Customers Shape Latest JouleX Energy Management Upgrade

Customers Shape Latest JouleX Energy Management Upgrade

JouleX unveiled the latest upgrade of its energy management software product last week, the first version of JouleX Energy Manager (JEM) to be driven largely by customer feedback.

Following various stages of pilot testing, the JEM version 2.5 includes features such as opt-in capability, a smart mobile application called JouleX Mobile that allows workers to turn their electronic devices on or off, and the ability to save energy in the data center with load-adaptive computing, a phrase the company coined to describe the rerouting of resources to specific functions or processes as needed.

In addition to the ability to identify an organization's most energy-intensive devices, JEM 2.5 includes a new dashboard with real-time and baseline charts that allows users to look at carbon and monetary savings by location or region. JEM 2.5 also supports a range of IT infrastructure devices, including Cisco EnergyWise API, Intel Data Center Manager and Node Manager, VMWare vCenter, MAC power management and WinRM.

Reaction from customers testing JEM drove the development of several new features, according to Marc Davidson, sustainability officer for the Atlanta-based company. For example, a large Silicon Valley firm that was developing its own energy management system before discovering JouleX, deployed JEM but ran into some stumbling blocks when trying to get buy-in from its engineers.

A standard power management policy that would phase down office devices during regular business hours wouldn't work for engineers who might arrive in the afternoon and leave after midnight. So JouleX Mobile was configured to turn devices on and off based on the engineers' location. Users could also access a portal where they could choose to participate, or opt in, their company's program, learn more about energy management and see for themselves how their contributions are boosting the company's energy savings.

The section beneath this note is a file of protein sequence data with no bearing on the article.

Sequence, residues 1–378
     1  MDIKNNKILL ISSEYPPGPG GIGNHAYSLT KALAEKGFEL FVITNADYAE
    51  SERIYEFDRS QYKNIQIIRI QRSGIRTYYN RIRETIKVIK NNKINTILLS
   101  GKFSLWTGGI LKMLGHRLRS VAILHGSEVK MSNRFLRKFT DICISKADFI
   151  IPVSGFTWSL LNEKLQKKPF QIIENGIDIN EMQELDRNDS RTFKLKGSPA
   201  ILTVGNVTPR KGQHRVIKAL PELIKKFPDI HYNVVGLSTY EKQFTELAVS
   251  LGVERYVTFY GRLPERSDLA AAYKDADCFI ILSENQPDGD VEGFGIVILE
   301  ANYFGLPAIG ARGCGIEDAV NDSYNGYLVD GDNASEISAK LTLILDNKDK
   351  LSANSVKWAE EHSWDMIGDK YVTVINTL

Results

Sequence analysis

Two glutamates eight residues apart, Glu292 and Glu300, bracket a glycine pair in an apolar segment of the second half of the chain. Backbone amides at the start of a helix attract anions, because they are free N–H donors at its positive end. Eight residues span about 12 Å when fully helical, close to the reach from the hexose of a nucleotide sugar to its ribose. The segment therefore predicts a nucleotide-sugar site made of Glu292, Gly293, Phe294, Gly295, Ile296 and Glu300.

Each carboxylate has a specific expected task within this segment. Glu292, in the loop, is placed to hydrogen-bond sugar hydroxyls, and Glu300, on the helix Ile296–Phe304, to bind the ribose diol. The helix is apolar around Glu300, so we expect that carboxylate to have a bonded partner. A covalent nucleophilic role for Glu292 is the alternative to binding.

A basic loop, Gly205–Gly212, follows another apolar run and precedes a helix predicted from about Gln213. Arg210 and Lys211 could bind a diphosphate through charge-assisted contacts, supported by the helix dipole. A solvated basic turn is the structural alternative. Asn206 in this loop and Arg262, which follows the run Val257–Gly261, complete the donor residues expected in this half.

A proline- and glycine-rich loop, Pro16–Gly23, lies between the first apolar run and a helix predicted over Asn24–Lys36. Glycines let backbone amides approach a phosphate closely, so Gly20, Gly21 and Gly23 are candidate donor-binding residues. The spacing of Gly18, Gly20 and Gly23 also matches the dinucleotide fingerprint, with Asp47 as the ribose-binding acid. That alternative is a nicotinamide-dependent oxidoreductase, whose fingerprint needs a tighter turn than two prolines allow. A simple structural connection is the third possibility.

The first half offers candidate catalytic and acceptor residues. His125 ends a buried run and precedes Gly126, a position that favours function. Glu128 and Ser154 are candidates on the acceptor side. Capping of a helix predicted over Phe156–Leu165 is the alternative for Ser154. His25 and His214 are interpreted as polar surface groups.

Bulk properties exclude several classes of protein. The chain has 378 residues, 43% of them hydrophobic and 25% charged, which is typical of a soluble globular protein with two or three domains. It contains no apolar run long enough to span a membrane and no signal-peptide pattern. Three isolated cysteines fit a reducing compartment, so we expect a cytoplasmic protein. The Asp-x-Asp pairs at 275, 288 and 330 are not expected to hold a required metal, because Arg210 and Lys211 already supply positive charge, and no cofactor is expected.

Other success stories include an Atlanta-based financial services firm that used JEM to make the business case for upgrading its PC fleet. The company had wanted to upgrade PCs for three years but the effort stalled during the economic recession. JEM, however, allowed the company to use its energy simulation tool to forecast the amount of energy and money it would save by replacing some 10,000 PCs, which each consumed 250 watts of power, with new machines that pulled in 45 watts. The information was used to calculate the project's ROI for the capital request.

A German company also turned to JEM to reduce energy spending in its data center, which annually cost roughly 600 million euro. Like many data centers, the facility constantly burned energy and rarely used all available bandwidth or computing resources, except at certain predictable peak times. Working with Intel and Cisco allowed JouleX to dynamically turn off switchers and routers to redirect resources as needed. This resulted in what the company calls increased energy intelligence and visibility that supports a range of IT infrastructure devices, including Cisco EnergyWise and Intel Data Center Manager.

Image courtesy of JouleX.